A PATRIOTIC LEGACY IN PRINT
AMERICAN NAVAL VICTORIES IN THE WAR OF 1812
Two hundred years ago, the United States was at war with Great Britain. On September 10, 1813, an American naval force led by Major Commandant Oliver H. Perry captured six vessels from the British Royal Navy, the most powerful maritime force in the world. Perry’s famous exclamation, “We have met the enemy and they are ours,” reveals the growing confidence of the fledgling U.S. Navy, whose string of victories over the British were a great source of national pride for nineteenth-century Americans. These successes proved that the United States was a legitimate world power and buoyed the public’s spirits until the war ended in 1815, after three years of intense battles on both land and sea. There was ultimately no victor in the conflict, yet the United States’ naval ascendancy and effective repulsion of British invasion reinvigorated the patriotism of the Americans, who felt the country had won a “Second War of Independence.” Despite its indecisive conclusion, the war’s outcome was seen as a validation of the freedom the United States had secured from Great Britain nearly three decades before.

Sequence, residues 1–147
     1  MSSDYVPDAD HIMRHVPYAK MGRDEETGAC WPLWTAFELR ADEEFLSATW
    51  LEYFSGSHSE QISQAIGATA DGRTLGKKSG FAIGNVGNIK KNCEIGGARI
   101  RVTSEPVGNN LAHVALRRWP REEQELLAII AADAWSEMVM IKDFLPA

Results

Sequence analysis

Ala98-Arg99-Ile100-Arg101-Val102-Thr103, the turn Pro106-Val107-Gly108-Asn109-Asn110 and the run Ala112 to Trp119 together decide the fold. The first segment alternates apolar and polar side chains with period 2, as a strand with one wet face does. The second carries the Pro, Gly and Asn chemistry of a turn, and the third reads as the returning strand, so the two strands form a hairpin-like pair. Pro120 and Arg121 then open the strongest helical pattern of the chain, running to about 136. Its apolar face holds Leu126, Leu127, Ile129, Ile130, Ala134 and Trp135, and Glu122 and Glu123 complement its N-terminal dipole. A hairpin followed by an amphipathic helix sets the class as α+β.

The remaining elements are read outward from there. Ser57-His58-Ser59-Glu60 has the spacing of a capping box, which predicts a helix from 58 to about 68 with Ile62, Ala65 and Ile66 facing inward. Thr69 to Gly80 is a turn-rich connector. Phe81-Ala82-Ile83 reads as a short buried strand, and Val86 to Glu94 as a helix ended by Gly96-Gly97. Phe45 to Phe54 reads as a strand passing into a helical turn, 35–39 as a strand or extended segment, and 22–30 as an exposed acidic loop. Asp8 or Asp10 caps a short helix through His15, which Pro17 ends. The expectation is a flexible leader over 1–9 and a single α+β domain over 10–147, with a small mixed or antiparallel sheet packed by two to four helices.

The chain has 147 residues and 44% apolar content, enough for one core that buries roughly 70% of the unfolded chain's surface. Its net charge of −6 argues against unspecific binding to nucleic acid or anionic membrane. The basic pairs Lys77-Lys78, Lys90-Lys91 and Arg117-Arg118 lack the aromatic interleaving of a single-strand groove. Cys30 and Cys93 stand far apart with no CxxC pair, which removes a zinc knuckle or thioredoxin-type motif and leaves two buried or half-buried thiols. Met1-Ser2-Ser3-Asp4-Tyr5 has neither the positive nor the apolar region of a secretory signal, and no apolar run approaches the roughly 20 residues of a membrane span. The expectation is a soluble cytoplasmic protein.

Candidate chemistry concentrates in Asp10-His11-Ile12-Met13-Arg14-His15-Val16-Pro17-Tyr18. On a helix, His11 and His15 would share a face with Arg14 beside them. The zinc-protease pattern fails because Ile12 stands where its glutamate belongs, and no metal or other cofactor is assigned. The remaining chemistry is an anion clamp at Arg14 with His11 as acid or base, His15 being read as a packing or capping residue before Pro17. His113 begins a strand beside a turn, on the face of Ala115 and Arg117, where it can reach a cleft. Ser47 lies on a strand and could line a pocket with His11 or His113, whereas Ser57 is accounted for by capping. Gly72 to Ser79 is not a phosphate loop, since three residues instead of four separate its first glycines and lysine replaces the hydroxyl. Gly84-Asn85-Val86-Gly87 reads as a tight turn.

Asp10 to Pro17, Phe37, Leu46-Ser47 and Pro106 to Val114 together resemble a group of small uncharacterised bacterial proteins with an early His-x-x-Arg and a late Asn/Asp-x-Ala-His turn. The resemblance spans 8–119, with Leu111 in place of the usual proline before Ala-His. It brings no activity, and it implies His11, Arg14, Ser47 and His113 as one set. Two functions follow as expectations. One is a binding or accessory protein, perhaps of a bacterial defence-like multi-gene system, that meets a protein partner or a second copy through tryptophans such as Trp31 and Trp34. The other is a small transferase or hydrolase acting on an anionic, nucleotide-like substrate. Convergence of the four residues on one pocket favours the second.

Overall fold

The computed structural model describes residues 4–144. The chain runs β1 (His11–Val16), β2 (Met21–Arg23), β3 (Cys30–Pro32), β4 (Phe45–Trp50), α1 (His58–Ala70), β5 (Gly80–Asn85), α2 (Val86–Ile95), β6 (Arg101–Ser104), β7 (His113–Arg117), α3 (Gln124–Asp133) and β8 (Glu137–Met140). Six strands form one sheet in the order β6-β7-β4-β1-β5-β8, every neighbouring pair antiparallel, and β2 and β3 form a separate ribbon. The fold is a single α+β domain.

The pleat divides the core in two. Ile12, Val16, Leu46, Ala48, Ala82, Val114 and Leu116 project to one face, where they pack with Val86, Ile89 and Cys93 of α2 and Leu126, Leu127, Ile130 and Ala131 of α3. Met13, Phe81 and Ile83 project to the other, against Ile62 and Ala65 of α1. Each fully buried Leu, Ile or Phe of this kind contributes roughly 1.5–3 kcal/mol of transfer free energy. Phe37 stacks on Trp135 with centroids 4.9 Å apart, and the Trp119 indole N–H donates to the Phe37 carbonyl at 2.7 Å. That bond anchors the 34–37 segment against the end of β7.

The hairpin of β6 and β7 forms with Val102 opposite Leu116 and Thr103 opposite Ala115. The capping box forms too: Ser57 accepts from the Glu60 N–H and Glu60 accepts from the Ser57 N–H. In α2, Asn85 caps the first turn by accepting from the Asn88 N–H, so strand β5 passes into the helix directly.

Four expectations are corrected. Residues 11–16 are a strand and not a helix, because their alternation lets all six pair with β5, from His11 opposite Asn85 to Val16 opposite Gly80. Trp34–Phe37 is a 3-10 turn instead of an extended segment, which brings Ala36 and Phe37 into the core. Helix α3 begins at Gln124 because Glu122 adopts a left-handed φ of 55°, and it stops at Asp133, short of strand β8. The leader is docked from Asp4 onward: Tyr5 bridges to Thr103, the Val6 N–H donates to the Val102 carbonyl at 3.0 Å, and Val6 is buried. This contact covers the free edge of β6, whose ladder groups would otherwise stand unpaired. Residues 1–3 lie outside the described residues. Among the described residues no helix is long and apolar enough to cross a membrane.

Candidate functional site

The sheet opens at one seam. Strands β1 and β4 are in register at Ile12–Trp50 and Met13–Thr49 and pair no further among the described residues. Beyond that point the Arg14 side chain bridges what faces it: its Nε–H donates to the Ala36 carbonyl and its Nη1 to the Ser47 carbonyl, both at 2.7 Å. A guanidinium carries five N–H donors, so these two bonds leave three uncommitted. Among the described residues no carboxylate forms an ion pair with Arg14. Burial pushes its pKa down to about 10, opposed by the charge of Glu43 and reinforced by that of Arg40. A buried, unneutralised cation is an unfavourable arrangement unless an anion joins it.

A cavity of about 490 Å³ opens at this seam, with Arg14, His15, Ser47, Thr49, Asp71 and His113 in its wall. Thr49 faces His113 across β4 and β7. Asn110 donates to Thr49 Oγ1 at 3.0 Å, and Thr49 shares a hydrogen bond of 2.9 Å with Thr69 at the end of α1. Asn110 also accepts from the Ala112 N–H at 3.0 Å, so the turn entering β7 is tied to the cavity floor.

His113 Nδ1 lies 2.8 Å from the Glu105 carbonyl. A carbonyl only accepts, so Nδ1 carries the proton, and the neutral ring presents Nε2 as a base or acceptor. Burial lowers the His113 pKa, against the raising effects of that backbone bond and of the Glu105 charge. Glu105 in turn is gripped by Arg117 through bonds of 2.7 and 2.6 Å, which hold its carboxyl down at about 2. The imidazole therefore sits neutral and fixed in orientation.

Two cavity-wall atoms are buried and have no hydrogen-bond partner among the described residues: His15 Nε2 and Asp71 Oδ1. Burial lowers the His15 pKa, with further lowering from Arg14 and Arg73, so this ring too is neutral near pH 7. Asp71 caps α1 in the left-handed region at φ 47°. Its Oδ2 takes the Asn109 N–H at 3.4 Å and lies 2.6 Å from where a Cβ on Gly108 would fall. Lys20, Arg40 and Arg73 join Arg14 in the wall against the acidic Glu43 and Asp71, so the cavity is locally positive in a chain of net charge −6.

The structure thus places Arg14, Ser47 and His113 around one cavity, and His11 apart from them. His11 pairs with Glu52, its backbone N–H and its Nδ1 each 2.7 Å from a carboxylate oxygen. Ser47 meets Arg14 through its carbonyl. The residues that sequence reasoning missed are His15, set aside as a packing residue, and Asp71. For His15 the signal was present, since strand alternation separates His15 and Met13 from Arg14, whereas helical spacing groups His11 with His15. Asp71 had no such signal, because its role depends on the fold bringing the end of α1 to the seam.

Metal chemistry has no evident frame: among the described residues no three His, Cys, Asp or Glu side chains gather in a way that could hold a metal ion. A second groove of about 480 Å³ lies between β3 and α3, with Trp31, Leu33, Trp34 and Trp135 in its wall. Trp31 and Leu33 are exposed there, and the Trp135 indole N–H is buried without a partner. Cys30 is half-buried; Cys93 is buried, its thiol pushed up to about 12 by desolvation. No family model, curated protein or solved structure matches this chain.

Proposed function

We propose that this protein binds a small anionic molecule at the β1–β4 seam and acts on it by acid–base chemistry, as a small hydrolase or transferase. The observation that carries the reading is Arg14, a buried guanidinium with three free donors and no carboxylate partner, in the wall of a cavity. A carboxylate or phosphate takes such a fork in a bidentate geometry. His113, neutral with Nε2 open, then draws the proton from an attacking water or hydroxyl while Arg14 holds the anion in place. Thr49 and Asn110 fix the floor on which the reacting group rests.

Later in the nineteenth century, artistic renditions of memorable U.S. naval victories in the War of 1812 were widely disseminated, often as anti-British propaganda. Printmakers produced affordable lithographs of these battles for a public eager to display its nationalism. The Kellogg brothers of Hartford, Connecticut were among the most prominent printmakers of their day, turning out thousands of different pictures during their forty-year career. Between the 1830s and 1850s they issued a number of prints of naval battles from the War of 1812. These included Combat between the Frigate Constitution and the British Frigate Guerriere, The U.S. Frigate United States Capturing H.B.M. Macedonian, and Perry’s Victory on Lake Erie. The continuing popularity of these subjects demonstrates the impact these naval triumphs had on the American national identity for generations. To see these and other Kellogg prints, go to http://emuseum.chs.org:8080/emuseum/ or visit the Connecticut Historical Society at One Elizabeth Street, Hartford, CT 06105.